Starting point

Although I’ve had quite a few milestones over the last year I’ve hit another quite unexpectedly today. It’s not a ‘scale’ or a ‘non scale’ victory but instead an experience that’s caused me to pause and reflect on what might come next.

But I’ll rewind a little.

I’m getting ahead of myself.

When I started writing today’s post I was sitting in the reception of a school. I was quietly looking at my visitor’s pass and the really nice light brown stair carpet nearby. I’d had a sudden realisation that there wasn’t a single carpet in any of my schools as a child -but here there was one – and it looked pristine.

However – instead of being here under the pretext of evaluating the rugs – I was waiting for a teacher to come and chaperone me to her classroom. She had kindly invited me to come and speak to her sixth form ‘A level’ group about the psychology of weight loss.

Her class was apparently interested in discussing the supposition that diets don’t work and that any weight lost on such plans will inevitably be regained.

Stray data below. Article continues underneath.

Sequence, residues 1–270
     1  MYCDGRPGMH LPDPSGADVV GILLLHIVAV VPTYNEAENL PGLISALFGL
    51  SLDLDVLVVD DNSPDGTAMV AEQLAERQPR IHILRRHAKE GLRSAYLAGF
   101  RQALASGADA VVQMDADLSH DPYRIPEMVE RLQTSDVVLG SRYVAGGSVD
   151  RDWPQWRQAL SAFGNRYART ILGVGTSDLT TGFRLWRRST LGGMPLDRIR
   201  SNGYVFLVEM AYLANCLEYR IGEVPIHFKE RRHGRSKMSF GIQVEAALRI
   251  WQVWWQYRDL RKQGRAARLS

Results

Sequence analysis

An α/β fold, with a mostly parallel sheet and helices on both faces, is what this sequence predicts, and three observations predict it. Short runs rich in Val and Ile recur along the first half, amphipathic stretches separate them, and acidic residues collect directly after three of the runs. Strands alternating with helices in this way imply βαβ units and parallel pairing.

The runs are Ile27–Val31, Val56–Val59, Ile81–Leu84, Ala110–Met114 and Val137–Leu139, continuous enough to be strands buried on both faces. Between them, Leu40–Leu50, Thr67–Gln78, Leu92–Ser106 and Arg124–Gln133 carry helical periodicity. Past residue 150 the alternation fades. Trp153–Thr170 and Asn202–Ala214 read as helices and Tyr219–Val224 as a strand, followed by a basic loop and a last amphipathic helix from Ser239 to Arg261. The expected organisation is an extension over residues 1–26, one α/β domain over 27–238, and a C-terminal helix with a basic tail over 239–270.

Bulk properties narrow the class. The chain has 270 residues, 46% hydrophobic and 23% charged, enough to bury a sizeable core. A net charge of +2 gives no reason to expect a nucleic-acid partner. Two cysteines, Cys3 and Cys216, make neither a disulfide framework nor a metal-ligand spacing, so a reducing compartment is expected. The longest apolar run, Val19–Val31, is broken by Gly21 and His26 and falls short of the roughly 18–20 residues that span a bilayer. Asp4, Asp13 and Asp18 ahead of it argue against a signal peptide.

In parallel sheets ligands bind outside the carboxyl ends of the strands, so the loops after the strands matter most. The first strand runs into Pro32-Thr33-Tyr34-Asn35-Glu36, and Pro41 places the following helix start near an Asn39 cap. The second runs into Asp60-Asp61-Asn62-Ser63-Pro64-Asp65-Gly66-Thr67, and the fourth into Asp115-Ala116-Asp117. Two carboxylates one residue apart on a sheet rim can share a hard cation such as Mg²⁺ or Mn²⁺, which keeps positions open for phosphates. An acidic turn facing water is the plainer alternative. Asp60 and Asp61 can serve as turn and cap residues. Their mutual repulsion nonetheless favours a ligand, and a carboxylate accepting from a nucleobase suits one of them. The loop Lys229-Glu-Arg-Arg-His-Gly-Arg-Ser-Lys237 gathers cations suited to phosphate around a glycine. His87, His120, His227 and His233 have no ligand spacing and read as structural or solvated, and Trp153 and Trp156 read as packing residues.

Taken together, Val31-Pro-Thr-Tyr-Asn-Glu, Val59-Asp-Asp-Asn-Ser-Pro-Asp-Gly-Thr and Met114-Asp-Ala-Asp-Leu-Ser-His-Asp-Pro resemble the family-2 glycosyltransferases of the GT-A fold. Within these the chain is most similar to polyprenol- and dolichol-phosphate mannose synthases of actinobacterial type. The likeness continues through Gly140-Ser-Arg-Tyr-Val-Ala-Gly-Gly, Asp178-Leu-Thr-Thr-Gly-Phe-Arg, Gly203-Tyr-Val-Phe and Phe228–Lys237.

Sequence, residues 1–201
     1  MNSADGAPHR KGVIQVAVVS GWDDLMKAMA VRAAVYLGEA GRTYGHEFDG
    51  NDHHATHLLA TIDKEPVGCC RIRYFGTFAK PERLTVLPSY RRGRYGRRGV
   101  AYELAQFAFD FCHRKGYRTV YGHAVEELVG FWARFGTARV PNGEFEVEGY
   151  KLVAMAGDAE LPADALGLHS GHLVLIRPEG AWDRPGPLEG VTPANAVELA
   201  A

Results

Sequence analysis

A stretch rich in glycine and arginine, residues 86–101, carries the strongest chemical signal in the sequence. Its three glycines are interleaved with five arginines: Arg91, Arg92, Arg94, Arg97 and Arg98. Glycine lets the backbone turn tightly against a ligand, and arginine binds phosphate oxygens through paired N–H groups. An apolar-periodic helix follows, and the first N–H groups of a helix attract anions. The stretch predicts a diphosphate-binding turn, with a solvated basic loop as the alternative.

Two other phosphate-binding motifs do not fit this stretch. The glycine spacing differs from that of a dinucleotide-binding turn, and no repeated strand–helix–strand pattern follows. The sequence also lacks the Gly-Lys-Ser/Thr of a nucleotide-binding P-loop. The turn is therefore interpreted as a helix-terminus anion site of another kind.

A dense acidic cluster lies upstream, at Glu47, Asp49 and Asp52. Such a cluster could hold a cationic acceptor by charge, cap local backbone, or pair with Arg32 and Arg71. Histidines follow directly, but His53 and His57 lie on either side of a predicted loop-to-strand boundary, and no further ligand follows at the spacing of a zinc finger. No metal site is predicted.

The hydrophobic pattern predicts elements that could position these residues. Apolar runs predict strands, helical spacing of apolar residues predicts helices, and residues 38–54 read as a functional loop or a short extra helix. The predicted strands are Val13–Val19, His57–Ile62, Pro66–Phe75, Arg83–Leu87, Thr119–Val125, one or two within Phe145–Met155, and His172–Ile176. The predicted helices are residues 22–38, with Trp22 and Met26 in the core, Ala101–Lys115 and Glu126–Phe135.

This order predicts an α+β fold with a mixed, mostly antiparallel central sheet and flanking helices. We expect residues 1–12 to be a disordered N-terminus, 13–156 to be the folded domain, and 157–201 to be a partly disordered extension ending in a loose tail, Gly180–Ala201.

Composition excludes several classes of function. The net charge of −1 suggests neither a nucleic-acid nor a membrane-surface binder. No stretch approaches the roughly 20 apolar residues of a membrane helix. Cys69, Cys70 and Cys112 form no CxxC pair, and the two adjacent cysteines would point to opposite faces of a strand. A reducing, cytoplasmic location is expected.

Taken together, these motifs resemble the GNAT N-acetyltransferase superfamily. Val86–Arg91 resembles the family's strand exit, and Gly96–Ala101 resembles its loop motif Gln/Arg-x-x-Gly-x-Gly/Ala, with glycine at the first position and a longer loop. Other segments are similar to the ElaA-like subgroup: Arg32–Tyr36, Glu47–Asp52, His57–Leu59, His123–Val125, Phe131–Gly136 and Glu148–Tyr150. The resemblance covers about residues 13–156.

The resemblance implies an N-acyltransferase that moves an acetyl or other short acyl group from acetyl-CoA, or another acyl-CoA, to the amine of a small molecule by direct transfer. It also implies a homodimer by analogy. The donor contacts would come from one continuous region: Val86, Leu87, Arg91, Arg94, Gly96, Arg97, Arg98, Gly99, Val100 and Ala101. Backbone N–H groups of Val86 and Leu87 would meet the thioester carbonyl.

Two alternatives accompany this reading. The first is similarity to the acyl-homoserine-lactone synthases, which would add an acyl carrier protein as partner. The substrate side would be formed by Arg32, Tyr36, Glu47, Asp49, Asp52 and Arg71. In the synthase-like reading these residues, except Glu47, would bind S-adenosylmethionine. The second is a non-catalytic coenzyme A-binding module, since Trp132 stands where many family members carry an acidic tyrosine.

Regular readers will know that this is a topic close to my heart and from time to time is something that I still worry about. Not only have I been in this ‘yo-yo’ing’ no-man’s land several times but I have the (stretched) tee-shirts and the photos to prove it. Despite the fact that standing in front of a class of people I didn’t know seemed a bit daunting (and might possibly dredge up some bad memories) it also sounded like something that would be pretty cool to do and push me out of my comfort zone – so I said yes!

When I awoke was hungry. I don’t normally want breakfast – so I’m pretty certain that this was related to a minor case of stage fright. However – instead of going down the (seldom successful) denial route I instead prepared for the journey with some virtuous nibbles.

I’ve learned the hard way that it’s better to have a banana and some carrots nearby and to stuff your face with cucumber and tomatoes than to end up eating crap in a service station.